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How the fuck can a single web page take up 1GB RAM?!?! Optimise that shit please

Comments
  • 5
    Only 1 GB....

    *hrhrhrhr*
  • 3
    @IntrusionCM yeah, for a page that is purely text based, like a simple blog post
  • 13
    You can't optimize that.
    Throw the whole thing into the trash and start over.
  • 8
    Disable JS (at least on that page) and tell us how much it consumes afterwards.
  • 1
    Easy. It's called appDynamics
  • 17
    The average frontend dev is a completely incompetent idiot as proven by the average website. The average frontend dev is probably even too stupid to hit the toilet bowl when shitting. Really, no other dev domain has the norm level that low.
  • 4
    @Jilano 211MB without js
  • 3
    @Fast-Nop all because it is marketed as "easy", and has the lowest entry reel of all. You could not know how to start a computer but still write up nome html
  • 0
    @shoop to expand on that, there should at least be some tutorials on how to write optimised JS as the web is effectively written in it
  • 0
    @err-occured some entry level web devs might not even know what js is, just saying
  • 6
    @shoop The problem is not them writing HTML. OK, partly it is because they're too stupid to even understand the point of HTML.

    The problem at hand however is them being JS junkies who replicate native HTML/CSS functionality in JS.
  • 1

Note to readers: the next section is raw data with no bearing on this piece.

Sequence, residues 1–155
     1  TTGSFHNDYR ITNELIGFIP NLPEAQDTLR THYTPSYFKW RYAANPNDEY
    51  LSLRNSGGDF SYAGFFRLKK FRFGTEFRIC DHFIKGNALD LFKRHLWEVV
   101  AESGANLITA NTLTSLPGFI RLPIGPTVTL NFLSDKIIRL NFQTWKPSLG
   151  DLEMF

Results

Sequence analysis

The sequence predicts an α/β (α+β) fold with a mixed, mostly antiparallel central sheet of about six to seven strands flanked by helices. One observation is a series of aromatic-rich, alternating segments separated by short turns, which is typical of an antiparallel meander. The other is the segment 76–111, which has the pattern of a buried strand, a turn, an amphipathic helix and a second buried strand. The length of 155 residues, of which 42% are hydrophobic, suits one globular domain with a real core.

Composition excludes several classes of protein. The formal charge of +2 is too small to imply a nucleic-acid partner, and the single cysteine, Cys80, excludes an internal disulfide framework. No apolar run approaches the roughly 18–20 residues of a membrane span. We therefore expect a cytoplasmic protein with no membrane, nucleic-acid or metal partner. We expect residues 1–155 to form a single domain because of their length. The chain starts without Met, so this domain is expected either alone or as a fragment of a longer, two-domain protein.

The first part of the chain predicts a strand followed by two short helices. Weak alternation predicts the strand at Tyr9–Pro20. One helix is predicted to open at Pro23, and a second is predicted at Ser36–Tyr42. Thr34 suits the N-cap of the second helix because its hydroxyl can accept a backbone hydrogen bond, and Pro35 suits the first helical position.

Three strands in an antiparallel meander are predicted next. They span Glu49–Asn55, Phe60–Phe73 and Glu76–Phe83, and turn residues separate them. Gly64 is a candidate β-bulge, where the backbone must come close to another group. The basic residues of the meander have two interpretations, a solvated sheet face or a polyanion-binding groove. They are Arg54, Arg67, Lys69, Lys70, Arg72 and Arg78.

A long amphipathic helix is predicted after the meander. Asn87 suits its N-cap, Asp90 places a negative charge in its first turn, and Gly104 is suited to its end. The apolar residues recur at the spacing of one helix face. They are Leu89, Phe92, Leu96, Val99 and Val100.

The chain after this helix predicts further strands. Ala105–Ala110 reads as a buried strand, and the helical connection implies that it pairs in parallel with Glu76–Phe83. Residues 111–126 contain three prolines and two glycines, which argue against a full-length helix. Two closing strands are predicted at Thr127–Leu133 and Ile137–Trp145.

**cough** jQuery **cough**
  • 2
    @Fast-Nop I am particularly mad at a library called "posed". Look it up, and knowing your stance, you'll be mad too. Just guess what native CSS functionality it replaces.
  • 1
  • 2
    @IntrusionCM Precisely that one.

    It is often used to create transitions that could be made in CSS. Those usually bring my pretty good PC to its knees, framerates under 60 are unacceptable. On a fucking webpage.
  • 5
    @Fast-Nop exactly the reason why I tell people that web development is one of the lowest forms of development there is. Everyone is completely happy with throwing absolutely everything in a website without considering optimization. There is no point in having a completely battle tested backend made with the fastest tools available like Swoole, Rust, whatever the case if they are just going to throw a mountain of shit into the frontend
  • 3
    @kescherRant dear lord I didn't know this existed. I tend to dislike working with CSS, but this is an entire library made to do something relatively simple
  • 2
    @AleCx04 I love CSS, and on a note related to that, IE11 is much better than iOS Safari.
  • 1
    @AleCx04 web development is not a low development part. Developers are.
    À good web dev knows how to optimize things. The problem is that : 1. Many newcomers start with web dev, lowering the average quality of everything.
    2. Managers don't care about performance. They care about profit

    Back-end devs can mumbo-jumbo managers about performance : they don't understand anything anyways. Front-ends cannot do that so easily
  • 3
    @react-guy lol.... Seriously?

    If you are a good frontend dev, you shouldn't push a 1GB shitton of files out.

    You should know your asset generation by heart....

    And No. We cannot mumbo jumbo managers. We have to Butt Kiss, Powerpoint and Excel the shit Out of them so they don't let shit burn totally down with the nice comment "oh I didn't think it would be thiiiiss bad"
  • 3